Wellness Tips

You can find various tips here that will improve your health

Guidelines for Healthy Exercising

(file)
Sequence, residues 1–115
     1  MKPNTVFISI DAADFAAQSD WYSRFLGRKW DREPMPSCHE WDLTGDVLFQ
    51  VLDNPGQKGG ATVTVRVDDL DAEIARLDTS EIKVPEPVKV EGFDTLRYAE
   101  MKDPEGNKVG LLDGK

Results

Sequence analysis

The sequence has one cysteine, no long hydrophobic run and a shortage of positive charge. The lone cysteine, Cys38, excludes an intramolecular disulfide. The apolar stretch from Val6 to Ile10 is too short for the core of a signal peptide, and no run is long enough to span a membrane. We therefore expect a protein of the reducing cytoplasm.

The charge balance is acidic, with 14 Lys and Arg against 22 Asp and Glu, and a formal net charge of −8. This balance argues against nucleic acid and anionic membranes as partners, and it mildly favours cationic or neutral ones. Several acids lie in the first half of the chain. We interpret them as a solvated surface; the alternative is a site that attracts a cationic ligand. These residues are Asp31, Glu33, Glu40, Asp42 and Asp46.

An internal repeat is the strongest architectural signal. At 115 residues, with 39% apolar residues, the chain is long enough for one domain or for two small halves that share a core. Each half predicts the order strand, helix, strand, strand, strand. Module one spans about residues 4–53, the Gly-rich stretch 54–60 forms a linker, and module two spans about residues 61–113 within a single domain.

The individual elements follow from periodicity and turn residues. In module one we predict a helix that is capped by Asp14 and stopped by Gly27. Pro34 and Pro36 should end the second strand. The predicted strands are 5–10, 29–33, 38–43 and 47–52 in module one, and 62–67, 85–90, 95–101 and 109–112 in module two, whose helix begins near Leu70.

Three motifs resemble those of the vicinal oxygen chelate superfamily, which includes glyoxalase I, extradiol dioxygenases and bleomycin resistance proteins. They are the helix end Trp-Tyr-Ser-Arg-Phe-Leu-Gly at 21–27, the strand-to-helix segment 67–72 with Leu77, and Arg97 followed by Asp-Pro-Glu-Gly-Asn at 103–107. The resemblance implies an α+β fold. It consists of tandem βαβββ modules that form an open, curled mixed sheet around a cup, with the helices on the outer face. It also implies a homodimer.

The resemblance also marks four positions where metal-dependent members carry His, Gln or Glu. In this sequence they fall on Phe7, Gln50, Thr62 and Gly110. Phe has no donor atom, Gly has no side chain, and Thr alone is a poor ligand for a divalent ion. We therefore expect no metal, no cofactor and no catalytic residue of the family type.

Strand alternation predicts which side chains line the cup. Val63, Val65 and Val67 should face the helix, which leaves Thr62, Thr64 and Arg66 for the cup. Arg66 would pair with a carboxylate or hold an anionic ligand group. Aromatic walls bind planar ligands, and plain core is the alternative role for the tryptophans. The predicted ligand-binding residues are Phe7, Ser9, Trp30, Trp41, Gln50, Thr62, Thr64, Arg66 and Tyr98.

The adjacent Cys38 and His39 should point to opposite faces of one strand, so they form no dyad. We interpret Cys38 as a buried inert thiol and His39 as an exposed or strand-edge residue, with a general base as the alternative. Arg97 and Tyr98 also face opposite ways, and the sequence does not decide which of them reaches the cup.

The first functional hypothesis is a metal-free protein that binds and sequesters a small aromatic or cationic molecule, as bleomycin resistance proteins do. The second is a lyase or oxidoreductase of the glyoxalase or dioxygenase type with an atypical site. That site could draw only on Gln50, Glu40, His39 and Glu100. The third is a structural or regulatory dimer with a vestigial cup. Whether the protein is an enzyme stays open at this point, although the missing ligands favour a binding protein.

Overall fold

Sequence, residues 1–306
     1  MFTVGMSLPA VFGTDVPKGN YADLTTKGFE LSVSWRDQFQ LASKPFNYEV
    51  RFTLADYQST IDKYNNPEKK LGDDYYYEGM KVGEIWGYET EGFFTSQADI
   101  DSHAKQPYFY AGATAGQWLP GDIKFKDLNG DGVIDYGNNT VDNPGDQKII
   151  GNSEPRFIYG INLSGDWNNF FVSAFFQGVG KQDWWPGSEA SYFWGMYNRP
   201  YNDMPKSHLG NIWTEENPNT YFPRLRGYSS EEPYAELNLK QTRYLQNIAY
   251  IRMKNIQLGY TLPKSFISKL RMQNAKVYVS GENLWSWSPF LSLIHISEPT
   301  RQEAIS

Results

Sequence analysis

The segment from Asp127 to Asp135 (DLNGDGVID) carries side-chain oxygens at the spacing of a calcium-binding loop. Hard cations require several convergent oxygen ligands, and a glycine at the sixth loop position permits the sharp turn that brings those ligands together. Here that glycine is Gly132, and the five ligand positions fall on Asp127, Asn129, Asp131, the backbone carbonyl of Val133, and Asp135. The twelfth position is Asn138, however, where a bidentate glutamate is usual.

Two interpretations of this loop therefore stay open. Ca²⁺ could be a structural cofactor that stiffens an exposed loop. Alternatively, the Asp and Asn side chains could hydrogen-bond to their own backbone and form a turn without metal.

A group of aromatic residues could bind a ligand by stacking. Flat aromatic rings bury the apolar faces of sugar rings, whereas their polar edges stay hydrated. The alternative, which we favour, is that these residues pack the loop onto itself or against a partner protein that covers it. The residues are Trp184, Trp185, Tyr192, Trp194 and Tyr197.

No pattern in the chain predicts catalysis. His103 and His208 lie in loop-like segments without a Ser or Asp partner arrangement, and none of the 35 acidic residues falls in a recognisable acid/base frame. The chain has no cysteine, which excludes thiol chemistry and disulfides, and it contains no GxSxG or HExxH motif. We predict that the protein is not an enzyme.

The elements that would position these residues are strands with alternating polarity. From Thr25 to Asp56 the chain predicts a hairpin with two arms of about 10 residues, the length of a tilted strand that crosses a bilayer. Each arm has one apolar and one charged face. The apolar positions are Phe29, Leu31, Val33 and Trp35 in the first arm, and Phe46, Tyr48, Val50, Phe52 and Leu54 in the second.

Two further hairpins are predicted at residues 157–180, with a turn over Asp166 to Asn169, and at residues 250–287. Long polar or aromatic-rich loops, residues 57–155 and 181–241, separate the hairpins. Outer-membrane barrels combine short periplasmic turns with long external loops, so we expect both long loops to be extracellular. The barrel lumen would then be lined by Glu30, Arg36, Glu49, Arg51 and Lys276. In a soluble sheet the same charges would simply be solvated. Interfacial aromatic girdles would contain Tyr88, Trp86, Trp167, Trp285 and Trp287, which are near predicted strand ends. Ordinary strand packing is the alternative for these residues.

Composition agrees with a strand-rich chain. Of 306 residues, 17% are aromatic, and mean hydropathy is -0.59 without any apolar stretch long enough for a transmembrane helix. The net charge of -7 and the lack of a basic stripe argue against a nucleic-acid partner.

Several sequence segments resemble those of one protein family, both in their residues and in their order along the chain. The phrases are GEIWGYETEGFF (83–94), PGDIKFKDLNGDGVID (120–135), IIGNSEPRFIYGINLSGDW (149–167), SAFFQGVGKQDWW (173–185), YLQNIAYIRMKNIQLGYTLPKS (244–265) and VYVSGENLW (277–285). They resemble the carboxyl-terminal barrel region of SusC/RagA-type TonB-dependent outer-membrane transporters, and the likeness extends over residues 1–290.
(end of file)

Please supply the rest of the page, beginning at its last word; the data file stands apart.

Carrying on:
Guidelines for Healthy Exercising Exercise or movement of our bodies is an essential part of healthy living and well-being. If done properly, exercise not only helps impart physical benefits, but also provides benefits for our minds, hearts, and spirits. Physically, a well-balanced routine aims to improve circulation of blood throughout our body, allowing for much needed oxygen delivery to our vital organs and efficiency in the elimination of toxins. Mentally, a consistent exercise routine allows us to find our sense of self-awareness, enhance our ability to manage stress, and eventually gain freedom of our spirit. Exercise doesn’t have to be all-or-nothing. You don’t have to spend hours in a gymor thousands of dollars on exercise equipment. Even just a few minutes of well-intentioned consistent physical activity can have a positive effect on your mental and emotional health. Whatever your age or fitness level—even if you’ve never exercised a day in your life before— find simple, fun ways to add more movement into your life and start noticing the differences in the way you feel, look, and live. 1. Set a positive intention. Exercising with intention changes the vibrations of your activity from mindless to mindful. Any activity done mindfully allows you toincrease your sense of self-awareness and channel your potential for the highest good. If your preference is to transform a daily chore into texercise (i.e. gardening, walking up a set of stairs at work, housecleaning), designate it with an intention.That simple act can alter the entire outcome of the activity. Exercise generates a tremendous amount of energy, and the intention that it is done with can make a significant impact.I believe that when I exercise, I not only help myself, but also the world around me. For example, at the start of my outdoor run, I ask the universe to harness the energy I will generateand use it for the greater good of mankind. 2. Be consistent as much as possible.Even five minutes of some form of dedicated daily physical activity is better thanone hour here and there. We often procrastinate, waiting for that perfect moment where we can set aside an hour to exercise.Sometimes, it never comes. Instead, if you do a little each day, finding the time to exercise becomes less overwhelming, much more manageable, and the minutes surprisingly add up. It is understandable that some days are just plain rough-even for 5 minutes of exercise. In that case, make sure that the entire week does not go by where you have not doneat least something. Stop and dedicate 5 minutes of time for exercise.Otherwise, you will dig yourself into adeep hole. 3. Choose an appropriate time of day.The best times of the day to exercise are early morning and early evening. According to Ayurvedic medicine, exercising during the middle of the day is not recommended and can aggravate certain medical conditions. On the other hand, a brisk, evening walk after dinner can help with blood sugar regulation. Do not engage in overly stimulating exercises at the end of the day-it may become difficult to sleep at night. As much as possible, incorporate a pleasant, natural environment into your exercise routine. 4. Don’t over exert yourself. Exercising done to the point of discomfort is counterproductive. Over-exercising can interfere with your metabolism. If you are feeling fatigued and in need of painkillers after your exercise routine, you are causing yourself a great deal of unnecessary stress and increasing the wear and tear on your body. The purpose of exercise is to elevate you, leaving you with a heightened sense of well-being. A rule of thumb is to exercise at 50% of your capacity, the point at which light sweat appears along your brow line As long as you continue to exercise consistently, your exercise capacity will naturally increase. This way exercising is enjoyable, and burnout or injuries will be limited. When you exercise within your capacity, you provide much needed nourishmentto your organs, process accumulated stress, and enhance your sense of emotionalwell-being. 5. Know your body type and what type of exercise is most suitable for you. Not every sport or exercise routine is right for everyone. What is enjoyable for one person may not be appropriate for you. Do not feel pressured or discouraged. Find what works for you.Pay heed to your body and it will guide you towards your optimum exercise type and level. 6. Stay well-hydrated with appropriate fluids. Exercising when dehydrated can cause muscle breakdown, cramps, and additional stress on the body. Water with lemon and a pinch of mineral salt can counteract acidthat has accumulated during exercise as well asreplenish electrolytes lost due to sweat. Do not hydrate withcaffeinated teas, sodas, coffee, or protein shakes. 7. Balance your routine. Incorporate both cardiovascular, strength building, and flexibility exercises into your routine. Limiting one’s self to cardiovascular exercise without the appropriate attention to maintaining muscle strength and flexibility is a surefire way of getting injured and developing muscle atrophy. Yoga is an excellent form of exercise that is cardiovascular as well as strength building. 8. Stay away from caffeine containing beverages before and after your routine.Many sports supplements contain caffeine. While there is a plethora of literature on exercise physiology that supports caffeine intake and enhanced endurance, my experiencetells me otherwise. I firmly believe that caffeine enhanced sports products are harmful to your health. In my opinion, if you are having to support your body’s needs by using energy drinks, sports gels, protein powders, and other artificial supplements, it might be time to reassess your exercise goals and realign your routine so that itsupports your true nature in a more harmonious way. 9. Breathe properly. Allow your breath to be your focus. Take slow, deep abdominal breaths through your nose to calm your mind and enhanceyour endurance during exercise. To get the benefits from exercise without the side effects, exercise only as long as you can breathe normally through the nose. When you begin to feel yourself pushing beyond your zone of comfort or having to breathe through your mouth, slow down and walk until you can resume again without straining. Over time, as your body regulates itself, you will be able to exercise for longer periods with comfort. Attention to the cycle of inhalation and exhalation during exercise will assist with providing nourishment where necessary and releasing toxins and eliminating waste products as needed. In this way, you will feel cleansed, calm, alert, and revitalized after exercising. 10. Have fun and show gratitude for allowing yourself the time to exercise. Do not think of exercise only as the means to another goal such as attaining an ideal weight or being able to compete in an athletic event. Exercise becausein itself it is a healthy activity when done properly. Enjoy it for its own sakeand you will find that the results will work themselves out for your highest good. Instead of seeking diversion in the form of televisionor a magazine while exercising, focus on your breath, turning your physical activity into a form of meditation. Your positive and undivided attention to your work-out will add to the therapeutic benefits of the practice itself. At the end of yourroutine, thank yourself and the world around you for allowing you the time and ability to exercise.